Friday, 18 April 2014

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Human Trafficking

Human trafficking: slavery of modern times

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This time human trafficking is the theme of our In Focus. While sexual exploitation is the most common cause of trafficking, forced labour, illegal child adoption and even illegal organ sale are also a concern to authorities and campaigners such as the UN initiative, the Blue Heart Campaign.

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Title Filter      Display #  
# Article Title
1 How serious is the problem?
2 The blue heart campaign
3 Illegal adoption
4 Euro crisis force prostitutes to Norway
5 Organs for sale
6 Interview with Eva Biaudet
7 Child Trafficking and Labour Trafficking Cases Rising: IOM

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"Every few weeks UNRIC shines the spotlight on forgotten stories or themes that are on the UN's agenda."

Linda Eriksson Baca on human trafficking in the European countries


Facts:

What is human trafficking?

•    An estimated 2.5 million people are in forced labour (including sexual exploitation) at any given time as a result of trafficking.
•    161 countries are reported to be affected by human trafficking by being a source, transit or destination country.
•    The majority of trafficking victims are between 18 and 24 years of age
•    An estimated 1.2 million children are trafficked each year
•    Many trafficking victims have at least middle-level education
•    In 54% of cases the recruiter was a stranger to the victim, 46% of cases the recruiter was known to victim
•    Sexual exploitation is noted as by far the most commonly identified form of human trafficking (79%) followed by forced labour (18%).
•    Other forms of exploitation are: forced or bonded labour, domestic servitude, formed marriage, organ removal and the exploitation of children in begging, the sex trade and warfare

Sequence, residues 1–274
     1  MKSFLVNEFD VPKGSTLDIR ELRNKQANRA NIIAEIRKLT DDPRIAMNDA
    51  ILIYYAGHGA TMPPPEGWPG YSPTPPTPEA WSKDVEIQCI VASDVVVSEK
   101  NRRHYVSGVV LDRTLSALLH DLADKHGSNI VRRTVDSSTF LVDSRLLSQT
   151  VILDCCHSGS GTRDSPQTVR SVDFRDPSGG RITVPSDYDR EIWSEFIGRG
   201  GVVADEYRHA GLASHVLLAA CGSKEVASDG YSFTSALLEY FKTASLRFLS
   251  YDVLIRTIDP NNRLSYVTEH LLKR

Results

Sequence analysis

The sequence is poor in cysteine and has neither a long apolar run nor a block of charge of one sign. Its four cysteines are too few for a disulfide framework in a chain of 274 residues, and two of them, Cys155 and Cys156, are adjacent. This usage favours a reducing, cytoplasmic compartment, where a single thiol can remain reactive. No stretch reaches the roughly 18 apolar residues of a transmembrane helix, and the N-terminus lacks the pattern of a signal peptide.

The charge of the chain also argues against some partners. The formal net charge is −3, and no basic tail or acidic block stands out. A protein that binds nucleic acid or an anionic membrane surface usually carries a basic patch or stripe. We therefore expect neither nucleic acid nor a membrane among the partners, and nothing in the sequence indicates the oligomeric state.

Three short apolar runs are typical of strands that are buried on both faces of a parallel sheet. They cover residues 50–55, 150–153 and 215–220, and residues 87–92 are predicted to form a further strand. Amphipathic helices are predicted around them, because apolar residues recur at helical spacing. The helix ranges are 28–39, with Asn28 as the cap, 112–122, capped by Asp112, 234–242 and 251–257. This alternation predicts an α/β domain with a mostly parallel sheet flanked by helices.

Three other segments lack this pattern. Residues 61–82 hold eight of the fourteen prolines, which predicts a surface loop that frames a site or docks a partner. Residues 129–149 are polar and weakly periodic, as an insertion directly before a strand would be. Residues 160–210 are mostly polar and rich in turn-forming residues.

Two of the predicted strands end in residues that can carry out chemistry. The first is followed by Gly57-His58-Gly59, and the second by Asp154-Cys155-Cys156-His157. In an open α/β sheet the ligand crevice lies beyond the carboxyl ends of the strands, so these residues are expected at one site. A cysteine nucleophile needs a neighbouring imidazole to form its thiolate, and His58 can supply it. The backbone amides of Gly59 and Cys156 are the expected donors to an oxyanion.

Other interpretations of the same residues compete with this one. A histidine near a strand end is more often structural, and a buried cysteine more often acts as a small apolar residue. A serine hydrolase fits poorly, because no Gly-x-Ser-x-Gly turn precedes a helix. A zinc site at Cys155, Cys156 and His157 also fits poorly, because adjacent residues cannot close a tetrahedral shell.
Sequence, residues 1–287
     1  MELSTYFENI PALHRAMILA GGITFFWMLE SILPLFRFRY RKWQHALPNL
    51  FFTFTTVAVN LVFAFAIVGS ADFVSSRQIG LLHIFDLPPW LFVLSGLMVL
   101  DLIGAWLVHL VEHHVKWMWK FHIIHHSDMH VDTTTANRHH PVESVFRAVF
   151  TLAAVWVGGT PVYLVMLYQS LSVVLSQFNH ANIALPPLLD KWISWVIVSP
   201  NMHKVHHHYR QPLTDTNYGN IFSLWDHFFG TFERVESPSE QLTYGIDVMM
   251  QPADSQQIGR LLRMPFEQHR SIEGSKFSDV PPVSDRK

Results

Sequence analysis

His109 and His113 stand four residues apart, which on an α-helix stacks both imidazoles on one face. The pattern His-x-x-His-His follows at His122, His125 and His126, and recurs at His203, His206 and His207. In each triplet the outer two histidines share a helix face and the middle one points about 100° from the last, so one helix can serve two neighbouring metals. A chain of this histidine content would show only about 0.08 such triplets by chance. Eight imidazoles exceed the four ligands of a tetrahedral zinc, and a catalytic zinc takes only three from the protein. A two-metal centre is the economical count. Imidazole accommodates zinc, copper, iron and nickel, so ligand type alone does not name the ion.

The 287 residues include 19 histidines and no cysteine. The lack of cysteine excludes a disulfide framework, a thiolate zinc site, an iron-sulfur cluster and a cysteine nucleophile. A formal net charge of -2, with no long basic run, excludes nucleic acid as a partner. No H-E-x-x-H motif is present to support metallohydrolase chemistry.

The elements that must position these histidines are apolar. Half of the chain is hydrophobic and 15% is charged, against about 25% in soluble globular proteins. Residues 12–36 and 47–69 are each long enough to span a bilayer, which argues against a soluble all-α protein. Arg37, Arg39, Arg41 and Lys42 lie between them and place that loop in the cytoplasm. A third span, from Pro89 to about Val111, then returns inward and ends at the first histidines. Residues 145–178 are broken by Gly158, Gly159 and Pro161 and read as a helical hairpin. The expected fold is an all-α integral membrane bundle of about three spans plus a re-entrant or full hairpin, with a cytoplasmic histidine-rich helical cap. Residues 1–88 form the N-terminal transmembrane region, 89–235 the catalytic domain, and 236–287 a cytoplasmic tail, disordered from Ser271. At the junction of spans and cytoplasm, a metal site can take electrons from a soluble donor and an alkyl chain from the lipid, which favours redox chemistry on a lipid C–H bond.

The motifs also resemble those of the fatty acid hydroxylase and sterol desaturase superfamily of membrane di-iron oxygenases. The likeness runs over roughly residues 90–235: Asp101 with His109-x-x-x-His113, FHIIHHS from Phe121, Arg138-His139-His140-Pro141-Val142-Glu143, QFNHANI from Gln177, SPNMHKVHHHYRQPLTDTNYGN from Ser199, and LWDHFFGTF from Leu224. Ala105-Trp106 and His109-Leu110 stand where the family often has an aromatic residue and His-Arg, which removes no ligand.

•    Estimated global annual profits made from the exploitation of all trafficked forced labour are US$ 31.6 billion
•    In 2006, there were only 5,808 prosecutions and 3,160 convictions throughout the world. This means that for every 800 people trafficked, only one person was convicted.
•    In 2011, the European Union adopted a Directive to prevent and combat trafficking in human beings and protect its victims.   

Sources:

International Labour Organization, Forced Labour Statistics Factsheet (2007)
United Nations Office on Drugs and Crime, Trafficking in Persons: Global Patterns (Vienna, 2006)
International Organization for Migration, Counter-Trafficking Database, 78 Countries, 1999-2006 (1999)
UNICEF, UK Child Trafficking Information Sheet (January 2003)
International Labour Organization, Forced Labour Statistics Factsheet (2007)  
International Organization for Migration, Counter-Trafficking Database, 78 Countries, 1999-2006 (1999)
International Organization for Migration, Counter-Trafficking Database, 78 Countries, 1999-2006 (1999)
Patrick Besler, Forced Labour and Human Trafficking: Estimating the Profits, working paper (Geneva, International
Labour Office, 2005)
US State Department, Trafficking in Persons Report (2007) p.36